Marines Pushing For Faster F-35B Spares Acquisition To Support New Squadrons

November 17, 2015 9:27 AM - Updated: December 28, 2015 2:39 PM
An F-35B Lightning II aircraft takes off from the amphibious assault ship USS Wasp (LHD-1). US Navy Photo
An F-35B Lightning II aircraft takes off from the amphibious assault ship USS Wasp (LHD-1). US Navy Photo

This post has been updated to include the F-35 software fielding timeline.

PENTAGON – The Marine Corps aviation community is keeping busy preparing to send its first F-35B Joint Strike Fighters to Japan in January 2017, ensuring the training and logistics pipelines are ready for global deployment of the new plane, the deputy commandant for aviation told USNI News.

The first F-35B squadron, Marine Fighter Attack Squadron (VMFA) 121, reached initial operational capability (IOC) in July and could, in an emergency, deploy overseas today.

“if a contingency arose, and I’ve got an IOC squadron, I could put six or more F-35Bs on the [USS] Wasp and sail into harm’s way and do the job and basically do what our nation needs to do with a fifth-generation aircraft from a seabase, the first one ever,” Lt. Gen. Jon Davis told USNI News in an interview.

VMFA-121 is the lone F-35B squadron for now, though the Marines intend to transition Marine Attack Squadron (VMA) 211, an AV-8B squadron, this fiscal year and Marine Fighter Attack Squadron (VMFA) 122, an F-18 Hornet squadron, in 2018.

As the F-35B fleet builds out, Davis said the Marines have to ensure sufficient readiness for all the squadrons. He said he needs to “make sure as we build up 211 we don’t degrade the capability of 121 from the maintenance perspective, make sure we keep our training solid. Right now we’re in good shape, we have a good plan to build out 211.”

“Keeping the procurement ramp solid is imperative to do that,” he said, and the procurement of spare parts may be the most important and most under-emphasized.

“I track every week where we are with [aircraft] modifications, where we are with procurement, where we are with their training,” he said.
“And right now, the only thing I would say is we need to keep our procurement of spares on track. If we don’t do that we could be in jeopardy. So that’s something we fight for all the time. The logistics part of this is not particularly sexy, but it is to me, it’s about making sure we have a platform we can sustain and generate the combat power we need.

“I remember when we brought the Harrier and the Hornet in as brand new airplanes, the AV-8B and the F-18, and we had lots of extra parts that we would use,” Davis continued.
“We had bond rooms at our bases, we would just pull parts off the shelves. We had very high readiness rates. We don’t have that construct with this airplane. I think we need to be more aggressive in providing all of the logistics and all of the spare parts we need for this airplane, because right now we’re not funded to be as successful as we should be, so were fighting for those funds to make sure we have full spares accounts.”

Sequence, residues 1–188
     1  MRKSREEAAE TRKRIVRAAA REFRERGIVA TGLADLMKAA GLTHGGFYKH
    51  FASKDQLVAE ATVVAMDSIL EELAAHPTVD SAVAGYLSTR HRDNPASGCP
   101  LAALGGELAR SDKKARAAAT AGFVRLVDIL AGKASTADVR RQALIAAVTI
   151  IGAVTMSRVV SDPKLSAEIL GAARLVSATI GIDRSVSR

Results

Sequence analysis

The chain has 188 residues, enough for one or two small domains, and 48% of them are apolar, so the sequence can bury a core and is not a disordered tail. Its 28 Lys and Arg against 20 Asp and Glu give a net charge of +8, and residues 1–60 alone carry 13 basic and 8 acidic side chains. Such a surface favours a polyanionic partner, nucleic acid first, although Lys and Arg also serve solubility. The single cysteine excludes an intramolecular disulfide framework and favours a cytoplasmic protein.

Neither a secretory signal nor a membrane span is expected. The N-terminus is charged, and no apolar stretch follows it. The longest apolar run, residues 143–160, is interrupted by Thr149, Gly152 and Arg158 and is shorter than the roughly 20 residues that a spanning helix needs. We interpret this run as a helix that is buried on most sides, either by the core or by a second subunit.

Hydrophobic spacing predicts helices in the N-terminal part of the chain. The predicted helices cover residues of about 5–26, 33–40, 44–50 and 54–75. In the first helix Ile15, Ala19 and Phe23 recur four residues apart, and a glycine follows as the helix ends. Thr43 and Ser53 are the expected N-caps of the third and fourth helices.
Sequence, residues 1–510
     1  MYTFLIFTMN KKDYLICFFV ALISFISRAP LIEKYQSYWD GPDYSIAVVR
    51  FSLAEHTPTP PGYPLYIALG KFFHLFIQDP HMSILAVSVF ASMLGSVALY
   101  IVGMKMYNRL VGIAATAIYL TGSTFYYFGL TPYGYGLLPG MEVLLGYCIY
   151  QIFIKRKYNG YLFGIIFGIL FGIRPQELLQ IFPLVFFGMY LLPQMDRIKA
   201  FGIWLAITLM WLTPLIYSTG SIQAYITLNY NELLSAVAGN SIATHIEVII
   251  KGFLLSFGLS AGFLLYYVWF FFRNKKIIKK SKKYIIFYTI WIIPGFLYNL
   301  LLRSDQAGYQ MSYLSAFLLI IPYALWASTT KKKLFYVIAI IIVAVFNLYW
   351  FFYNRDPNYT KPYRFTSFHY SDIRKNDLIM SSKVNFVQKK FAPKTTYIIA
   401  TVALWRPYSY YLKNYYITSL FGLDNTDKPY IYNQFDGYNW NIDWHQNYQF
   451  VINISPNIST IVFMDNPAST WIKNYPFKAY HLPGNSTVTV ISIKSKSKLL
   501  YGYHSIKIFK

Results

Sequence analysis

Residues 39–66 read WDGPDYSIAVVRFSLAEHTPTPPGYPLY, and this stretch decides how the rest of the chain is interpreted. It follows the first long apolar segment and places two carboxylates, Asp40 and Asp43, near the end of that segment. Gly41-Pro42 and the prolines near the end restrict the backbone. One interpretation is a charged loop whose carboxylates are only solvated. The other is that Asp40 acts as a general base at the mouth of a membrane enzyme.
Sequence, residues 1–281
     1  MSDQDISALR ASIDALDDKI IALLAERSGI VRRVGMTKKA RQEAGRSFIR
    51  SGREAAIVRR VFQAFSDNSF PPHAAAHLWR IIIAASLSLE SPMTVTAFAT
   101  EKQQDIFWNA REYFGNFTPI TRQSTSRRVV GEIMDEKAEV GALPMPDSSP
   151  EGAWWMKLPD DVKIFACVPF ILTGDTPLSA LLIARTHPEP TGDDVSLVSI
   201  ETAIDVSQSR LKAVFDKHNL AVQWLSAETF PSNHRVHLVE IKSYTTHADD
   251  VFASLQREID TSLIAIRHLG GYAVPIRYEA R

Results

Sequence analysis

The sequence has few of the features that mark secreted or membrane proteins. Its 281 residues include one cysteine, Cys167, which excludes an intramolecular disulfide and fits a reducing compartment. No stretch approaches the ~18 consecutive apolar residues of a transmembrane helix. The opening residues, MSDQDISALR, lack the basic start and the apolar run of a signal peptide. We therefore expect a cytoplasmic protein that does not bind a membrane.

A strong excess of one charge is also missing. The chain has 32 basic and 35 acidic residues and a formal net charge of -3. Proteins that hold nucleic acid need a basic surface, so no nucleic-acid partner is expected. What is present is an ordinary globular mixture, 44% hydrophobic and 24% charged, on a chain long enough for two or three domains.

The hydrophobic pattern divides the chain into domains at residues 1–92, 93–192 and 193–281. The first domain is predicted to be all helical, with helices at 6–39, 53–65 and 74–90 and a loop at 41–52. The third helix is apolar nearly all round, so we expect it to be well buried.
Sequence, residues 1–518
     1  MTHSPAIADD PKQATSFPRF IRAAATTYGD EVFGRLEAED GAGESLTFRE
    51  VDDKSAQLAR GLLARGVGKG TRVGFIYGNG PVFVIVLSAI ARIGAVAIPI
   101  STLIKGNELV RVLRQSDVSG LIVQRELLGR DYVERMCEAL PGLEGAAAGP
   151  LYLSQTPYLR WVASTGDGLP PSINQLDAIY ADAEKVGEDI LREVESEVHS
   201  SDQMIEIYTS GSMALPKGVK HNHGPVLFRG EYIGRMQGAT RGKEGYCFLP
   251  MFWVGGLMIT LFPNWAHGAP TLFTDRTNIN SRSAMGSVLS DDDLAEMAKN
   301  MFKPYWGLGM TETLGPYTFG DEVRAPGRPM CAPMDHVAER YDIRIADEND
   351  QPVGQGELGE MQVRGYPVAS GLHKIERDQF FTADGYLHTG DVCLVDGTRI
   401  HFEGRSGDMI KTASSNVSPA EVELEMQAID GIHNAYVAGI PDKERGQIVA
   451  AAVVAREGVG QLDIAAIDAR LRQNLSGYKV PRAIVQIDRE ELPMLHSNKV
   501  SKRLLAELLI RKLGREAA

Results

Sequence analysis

Davis said he would fight hard for more aggressive spares procurement because there is no doubt in his mind that the F-35Bs will be worked hard as soon as they land in their new home in Iwakuni.

“We’re determined to get the funding in place, the spares in place, so we have full spares accounts when we deploy,” he said.
“I can guarantee you, much like the V-22, the second it gets there it’s going to be in very very high demand for all the capabilities it brings.”

Iwakuni is also preparing to host the F-35s. Davis said the air station is in the midst of a major expansion and upgrade effort, installing new maintenance facilities and hangars, building additional runways, setting up F-35B flight simulators and more to create a “really phenomenal capability” for the Marines and their Japanese allies.

Davis said the aviation community is also ensuring that new plane production stays on track and that JSF software development continues at pace. The Marines’ planes currently have the 2B version of the software, though the Navy will not conduct its operational testing on the F-35C and declare initial operational capability until the 3F version is ready in 2017.

Davis said the 3F version will allow greater combat capability and allows the planes to fire many more types of weapons from external pylons, but he is still excited about the capability the 2B software brings.

“Right now the 2B configuration gives me a lot more than I’ve got in anything I’ve got in the legacy fleet,” he said.
“The guys who are flying the airplane are very pleased, would not go back to what they were flying previously.”

Despite extensive at-sea testing with the F-35B and the 2B software, the Marines have not operated the F-35s alongside the rest of the aviation combat element (ACE) aboard an amphibious ship. During operational testing in May aboard Wasp (LHD-1), Marines operated and maintained the F-35Bs from the ship and used the MV-22 Osprey simultaneously on a few. But the rest of the ACE – including CH-53E heavy lift and AH-1Z/W Super Cobra light attack helicopters – was not on the ship.

Davis said full ACE integration was never meant to be a part of operational testing. Instead, the first 10 planes in VMFA-121 will move to Marine Corps Air Station Iwakuni in Japan in January 2017, followed by six more planes by that June. Wasp will head to Japan in early 2018, so ACE integration efforts will take place ahead of the F-35B’s first float in 2018.

Megan Eckstein

Megan Eckstein

Megan Eckstein is the former deputy editor for USNI News.

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